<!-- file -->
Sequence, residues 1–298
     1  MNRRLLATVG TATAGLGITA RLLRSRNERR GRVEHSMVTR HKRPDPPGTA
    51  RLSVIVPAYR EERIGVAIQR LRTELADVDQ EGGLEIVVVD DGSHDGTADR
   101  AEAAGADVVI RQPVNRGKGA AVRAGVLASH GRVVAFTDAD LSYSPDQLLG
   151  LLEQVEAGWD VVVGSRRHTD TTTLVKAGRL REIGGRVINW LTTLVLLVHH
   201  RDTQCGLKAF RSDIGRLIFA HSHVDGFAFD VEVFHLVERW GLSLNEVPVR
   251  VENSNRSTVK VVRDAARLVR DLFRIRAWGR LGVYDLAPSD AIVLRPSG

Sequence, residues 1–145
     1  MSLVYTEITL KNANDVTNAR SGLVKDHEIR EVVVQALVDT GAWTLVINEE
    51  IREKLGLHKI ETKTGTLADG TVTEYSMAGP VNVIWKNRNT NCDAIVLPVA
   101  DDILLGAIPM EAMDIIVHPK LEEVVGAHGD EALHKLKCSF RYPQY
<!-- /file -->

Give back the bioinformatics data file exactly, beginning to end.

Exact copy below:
Sequence, residues 1–298
     1  MNRRLLATVG TATAGLGITA RLLRSRNERR GRVEHSMVTR HKRPDPPGTA
    51  RLSVIVPAYR EERIGVAIQR LRTELADVDQ EGGLEIVVVD DGSHDGTADR
   101  AEAAGADVVI RQPVNRGKGA AVRAGVLASH GRVVAFTDAD LSYSPDQLLG
   151  LLEQVEAGWD VVVGSRRHTD TTTLVKAGRL REIGGRVINW LTTLVLLVHH
   201  RDTQCGLKAF RSDIGRLIFA HSHVDGFAFD VEVFHLVERW GLSLNEVPVR
   251  VENSNRSTVK VVRDAARLVR DLFRIRAWGR LGVYDLAPSD AIVLRPSG

Sequence, residues 1–145
     1  MSLVYTEITL KNANDVTNAR SGLVKDHEIR EVVVQALVDT GAWTLVINEE
    51  IREKLGLHKI ETKTGTLADG TVTEYSMAGP VNVIWKNRNT NCDAIVLPVA
   101  DDILLGAIPM EAMDIIVHPK LEEVVGAHGD EALHKLKCSF RYPQY